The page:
How much should Goldman pay Lloyd Blankfein?
By Antony Currie and Rob Cox
NEW YORK – How much should Goldman Sachs pay Lloyd Blankfein? A year after the investment bank’s chief — and virtually all his peers — received what for them was a relative pittance, it’s the big question on Wall Street. And so it should be.
Compensation for the head of the industry’s top money-maker will set a new benchmark. That gives Goldman’s directors a golden opportunity to show that the firm is less out of touch than critics suggest. The first, and hopefully most obvious, step in deciding Blankfein’s take — which will also set standards for Goldman’s other top executives — is to throw out bubble-year pay precedents, and any spurious calculations that produced them.
Take the 0.6 percent of net income Blankfein was paid in 2007. Based on Goldman’s expected net income this year, he would be in line for a 2009 payday of around $64 million, only just shy of the bumper $68 million he received two years ago. That would provoke justifiable uproar.
Yet back in 2007, Goldman was far from the most egregious in setting executive pay. As a proportion of earnings, Blankfein’s 2007 haul was just half what Lehman Brothers handed Dick Fuld. A year earlier, of the major investment bank bosses only Morgan Stanley’s John Mack received less, some 0.5 percent of profits. Bear Stearns’ chummy board, meanwhile, awarded chief executive Jimmy Cayne a whopping 1.9 cents for every dollar the bank made the year before it effectively went bust.
The better paid of the bunch on this metric presided over some of the biggest failures of the past two years. It’s ironic that, at the time, one argument for paying the likes of Fuld and Cayne more handsomely than rivals was that they had been in the job for more than a decade and were responsible for safely navigating their firms through a variety of crises as well as for recent growth.
Those and other justifications for towering paychecks proved false. The credit crisis of 2008 exposed deep flaws in a business where investment banks magnified returns with short-term debt financing. When that funding dried up, a taxpayer-funded relief effort was needed to prevent the industry from collapsing.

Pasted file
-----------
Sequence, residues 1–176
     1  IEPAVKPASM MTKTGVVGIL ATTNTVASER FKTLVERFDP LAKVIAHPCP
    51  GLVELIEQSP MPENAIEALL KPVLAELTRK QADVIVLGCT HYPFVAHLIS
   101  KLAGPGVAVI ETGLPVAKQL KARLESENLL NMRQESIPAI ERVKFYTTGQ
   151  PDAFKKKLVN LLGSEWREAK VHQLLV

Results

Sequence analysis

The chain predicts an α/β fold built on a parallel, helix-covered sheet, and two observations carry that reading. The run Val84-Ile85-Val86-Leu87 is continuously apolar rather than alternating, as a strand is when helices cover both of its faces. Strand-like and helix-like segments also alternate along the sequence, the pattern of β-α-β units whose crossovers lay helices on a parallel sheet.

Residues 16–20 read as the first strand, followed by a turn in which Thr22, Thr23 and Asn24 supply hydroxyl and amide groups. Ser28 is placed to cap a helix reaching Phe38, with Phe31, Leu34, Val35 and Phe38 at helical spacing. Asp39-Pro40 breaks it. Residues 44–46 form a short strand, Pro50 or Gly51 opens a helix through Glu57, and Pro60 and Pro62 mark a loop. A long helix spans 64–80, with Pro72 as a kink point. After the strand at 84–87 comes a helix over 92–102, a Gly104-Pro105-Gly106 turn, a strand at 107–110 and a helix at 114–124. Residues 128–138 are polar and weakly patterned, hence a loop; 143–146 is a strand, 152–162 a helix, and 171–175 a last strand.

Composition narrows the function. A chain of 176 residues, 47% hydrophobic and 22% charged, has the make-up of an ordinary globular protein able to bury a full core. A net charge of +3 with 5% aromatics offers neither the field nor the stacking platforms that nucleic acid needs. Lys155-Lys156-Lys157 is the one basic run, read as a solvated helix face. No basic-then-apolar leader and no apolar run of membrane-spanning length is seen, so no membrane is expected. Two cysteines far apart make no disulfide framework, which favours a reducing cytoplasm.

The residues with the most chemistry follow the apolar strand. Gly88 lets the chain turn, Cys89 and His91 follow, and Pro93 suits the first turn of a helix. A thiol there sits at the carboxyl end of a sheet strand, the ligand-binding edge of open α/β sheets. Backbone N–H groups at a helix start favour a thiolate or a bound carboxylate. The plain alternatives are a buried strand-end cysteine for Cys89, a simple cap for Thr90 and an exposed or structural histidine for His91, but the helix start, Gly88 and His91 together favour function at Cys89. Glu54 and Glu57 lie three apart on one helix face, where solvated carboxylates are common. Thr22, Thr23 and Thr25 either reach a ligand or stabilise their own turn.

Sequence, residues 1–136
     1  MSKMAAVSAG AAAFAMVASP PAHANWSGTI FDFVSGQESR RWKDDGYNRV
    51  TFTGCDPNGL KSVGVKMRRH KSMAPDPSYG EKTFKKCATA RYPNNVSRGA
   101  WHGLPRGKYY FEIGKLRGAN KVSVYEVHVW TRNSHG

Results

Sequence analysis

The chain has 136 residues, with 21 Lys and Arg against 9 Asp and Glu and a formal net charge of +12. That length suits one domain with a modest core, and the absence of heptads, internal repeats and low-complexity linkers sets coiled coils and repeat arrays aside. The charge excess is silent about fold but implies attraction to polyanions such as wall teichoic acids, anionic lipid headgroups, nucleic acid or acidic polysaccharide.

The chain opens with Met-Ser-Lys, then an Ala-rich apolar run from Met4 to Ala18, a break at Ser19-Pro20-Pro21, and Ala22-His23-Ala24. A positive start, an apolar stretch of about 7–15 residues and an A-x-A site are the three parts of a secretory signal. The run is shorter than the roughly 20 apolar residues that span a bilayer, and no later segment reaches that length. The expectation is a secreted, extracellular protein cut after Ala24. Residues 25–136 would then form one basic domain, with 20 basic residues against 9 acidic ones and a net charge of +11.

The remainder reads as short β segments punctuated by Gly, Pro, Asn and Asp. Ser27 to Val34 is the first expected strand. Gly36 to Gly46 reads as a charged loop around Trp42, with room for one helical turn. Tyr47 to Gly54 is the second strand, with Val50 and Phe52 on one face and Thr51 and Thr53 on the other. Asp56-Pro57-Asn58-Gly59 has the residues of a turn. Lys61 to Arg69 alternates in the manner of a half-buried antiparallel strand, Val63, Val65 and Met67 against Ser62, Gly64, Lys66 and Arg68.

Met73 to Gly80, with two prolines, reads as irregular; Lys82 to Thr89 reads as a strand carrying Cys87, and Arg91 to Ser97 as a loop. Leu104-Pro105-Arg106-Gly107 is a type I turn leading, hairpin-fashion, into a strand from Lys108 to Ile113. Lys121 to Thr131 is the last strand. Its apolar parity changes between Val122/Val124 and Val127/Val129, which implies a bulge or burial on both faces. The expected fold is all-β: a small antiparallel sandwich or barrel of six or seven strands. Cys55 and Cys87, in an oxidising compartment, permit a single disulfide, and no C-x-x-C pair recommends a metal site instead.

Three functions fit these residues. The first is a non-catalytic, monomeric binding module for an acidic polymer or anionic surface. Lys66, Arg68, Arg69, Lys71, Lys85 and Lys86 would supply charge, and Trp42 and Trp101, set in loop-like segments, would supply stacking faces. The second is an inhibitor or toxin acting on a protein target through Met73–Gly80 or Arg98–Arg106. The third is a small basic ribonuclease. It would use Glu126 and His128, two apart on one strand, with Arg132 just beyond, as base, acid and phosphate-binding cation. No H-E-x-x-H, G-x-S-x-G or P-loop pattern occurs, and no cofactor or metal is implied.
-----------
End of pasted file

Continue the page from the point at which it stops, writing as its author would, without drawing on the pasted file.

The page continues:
AN ELDER STATESMAN AFTER THREE YEARS
The recent history explains why Blankfein’s pay this year is even more of a yardstick than usual for the industry. Not only is Goldman cranking out more money and better returns than any other firm, but changes of leadership at most rivals have made him one of the industry’s elder statesmen — just three years into the job. It’ll be tough for others to justify paying chiefs more by almost any metric.
Figuring out the right level of pay is hard, though. For starters, while Goldman is on course to earn almost $11 billion this year, it has done so in part on the back of myriad taxpayer sponsored and funded programs to kick start capital markets. Goldman still seems reluctant to admit that it, too, would have fared poorly without the government’s intervention.
But the continuing backlash over the nearly $20 billion in compensation and benefits the firm is expected to accrue through the year may tempt its board to keep Blankfein’s pay in the single-digit millions to avoid public censure. That, however, would be a flawed strategy. Firstly, it’s not clear that critics of Wall Street and executive pay would oppose a $9 million payout any less than one twice as large.
And more to the point, Blankfein genuinely deserves to be rewarded for managing the firm through the worst crisis in decades. That’s worth more than the $11 million or so average payout of an S&P 500 boss — and a premium to the $9 million that Robert Benmosche is to receive for running government-owned AIG <AIG.N> is certainly justified, too.
The right number may be somewhere around $20 million. And in a nod to concerns about limiting short-term incentives, Goldman could pay 90 percent of that in stock — compared with 60 percent in 2007. At a time of high unemployment, and after significant government assistance in bailing out the capital markets, even that may seem too generous. But it would be far less than boom-time bonanzas, and at 0.2 percent of earnings would set a more reasonable ceiling for Goldman’s less profitable peers.